Statement by H.E. Ambassador Toshiya Hoshino, Deputy Permanent Representative of Japan to the United Nations, At the Africa Dialogue Series 2019, Session 5 “Shared Responsibility and the Humanitarian and Development Nexus: Financing for Transitions”

(As delivered)

Japan echoes the panelists as to the value of the humanitarian-development nexus approach as an advocate for Human Security. So I agree with what the representative from the World Bank said that it’s about the people at the very outset of this panel discussion. In protracted crises and fragile settings, it is crucially important to analyze and address vulnerabilities at different levels within the state and society. This must be coupled with the efforts of building resilience of individuals and social systems working with multiple partners beyond organizational and sectoral silos.
We recognize refugees and IDPs not only as subjects for protection, but rather as a group of people who will become self-reliant, and take on the responsibility of rebuilding their home countries. From this perspective, Japan has been implementing numerous projects in Africa, Asia and the Middle East, emphasizing on context-specific approach and sustainability.
Indeed, what is important is to put into practice the nexus in a highly specific context. As the representative of IFRC has said, “localization” is the key. And we should consider the concrete efforts to build resilience of the individuals on the ground, which brings the humanitarian side and development side effort together, making them more coherent and effective.
We have a concept of human security as we promote our development and humanitarian process, and we can apply this approach to international assistance to refugees and IDPs obviously. And since there was some discussion on the situation in Northern Uganda and South Sudan context and let me give you one, very concrete example, which is our aid agency JICA  is doing with UNHCR,  the project called “Promotion of Rice Development Project (PRiDe in short).” This is a project aimed at helping both refugees living in the refugee camps and the local Ugandan residents living the camps, and the idea is to let them acquire specific skills for rice farming. I think this is a very important project to enhance the capacity building because we consider investing to the human resources is a very important part. In that regard, I was very struck with the presentation by Mr. Waititu of Equity Bank who talked about the banking system that reaches out to refugees in the camp. I agree with him that a bank account can provide the identity of that person but also gives dignity and pride to the people. I think this is exactly the idea of human security in action, and those are the ideas to build the resilience of the people,  Making people fulfill the full potential of those people on the ground by  providing the opportunities is very important. Yes, the Madam Moderator was quite right in the sense that what we need to do is to provide opportunities to the people, both the IDP and the refugees on one side and the local community on the other side. So I think that when we talk about the financing for the transition there are two aspects: one is how to mobilize the funds, the other is how to use the funds. And when we use the fund, focusing on the capacity and resilient side, I think, is very important.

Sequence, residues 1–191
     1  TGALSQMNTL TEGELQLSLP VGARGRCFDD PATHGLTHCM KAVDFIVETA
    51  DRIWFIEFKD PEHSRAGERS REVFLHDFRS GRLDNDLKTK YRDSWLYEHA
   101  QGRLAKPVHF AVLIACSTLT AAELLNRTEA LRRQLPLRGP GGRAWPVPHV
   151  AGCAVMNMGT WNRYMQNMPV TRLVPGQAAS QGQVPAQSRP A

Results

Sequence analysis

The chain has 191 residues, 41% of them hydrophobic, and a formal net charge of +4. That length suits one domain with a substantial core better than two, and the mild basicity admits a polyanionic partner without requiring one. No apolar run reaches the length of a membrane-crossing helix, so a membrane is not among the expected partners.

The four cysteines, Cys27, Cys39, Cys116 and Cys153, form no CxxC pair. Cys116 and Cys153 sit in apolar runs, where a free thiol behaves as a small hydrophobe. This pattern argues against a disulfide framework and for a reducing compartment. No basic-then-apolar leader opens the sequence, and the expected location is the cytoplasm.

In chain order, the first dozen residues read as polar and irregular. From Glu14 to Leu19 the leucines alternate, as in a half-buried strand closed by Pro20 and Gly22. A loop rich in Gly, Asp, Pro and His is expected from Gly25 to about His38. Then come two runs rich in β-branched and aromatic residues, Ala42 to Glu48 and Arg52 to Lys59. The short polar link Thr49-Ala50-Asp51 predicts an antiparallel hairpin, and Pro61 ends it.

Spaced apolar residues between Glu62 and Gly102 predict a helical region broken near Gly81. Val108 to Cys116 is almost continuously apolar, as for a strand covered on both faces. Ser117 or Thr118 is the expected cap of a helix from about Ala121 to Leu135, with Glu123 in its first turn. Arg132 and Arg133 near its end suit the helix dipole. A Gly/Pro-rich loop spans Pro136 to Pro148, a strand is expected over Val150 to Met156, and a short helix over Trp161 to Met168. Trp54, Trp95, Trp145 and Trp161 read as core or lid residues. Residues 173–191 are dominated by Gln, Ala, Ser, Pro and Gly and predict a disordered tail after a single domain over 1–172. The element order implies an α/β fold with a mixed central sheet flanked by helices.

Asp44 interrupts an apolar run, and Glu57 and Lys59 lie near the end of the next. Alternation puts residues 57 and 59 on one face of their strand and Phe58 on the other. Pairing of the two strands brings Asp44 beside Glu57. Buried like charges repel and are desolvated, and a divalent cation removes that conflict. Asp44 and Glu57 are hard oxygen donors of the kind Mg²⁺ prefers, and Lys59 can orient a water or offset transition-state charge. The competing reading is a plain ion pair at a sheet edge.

Then what becomes of the financing side? That is, mobilizing resources. In this connection, I am very happy to tell you that Japan this year is serving as a chair of the Leading Group on the Innovative Financing for Development, so we are very much interested in exploring every new avenue, including solidarity tax and other ideas, to go beyond the traditional official development assistance. I say this because we need to have additional resources to fund the development and humanitarian needs. This is something that TICAD 7 conference, we have this year in August for African development, will talk about. We organize TICAD every three years. We are thankful to the cooperation with the United Nations, definitely OSAA, and the Secretary-General himself, the UNDP and the African Union Commission, and of course the World Bank system, we are always appreciative of these co-organising entities. One area we definitely focus on is how to engage the private sector in a more dynamic way so that all the knowledge we are given here today, and my colleagues in Tokyo are thinking about in collaboration with UN and UNDP, and AU Commission and World Bank, will definitely provide a good impetus to the humanitarian development nexus discussion focusing on human security aspects. I will be happy to present this outcome in the upcoming SGD summit in September.
Finally, I also recognize the point made by our colleague from the Equity Bank of Kenya as to the importance of innovation. In fact, Japan has a vision of the “Society 5.0,” that is the idea to bring together the cyberspace and physical space to improve human life while solving the social issues. And I think that innovation in the financial sector should be a part of it, and it can be realized in Africa in a more dynamic way, because in Africa, I think there are so many opportunities to try something very new and innovative. So I would like to highlight this point as a new area of collaboration between Japan and Africa.
Thank you very much for your time.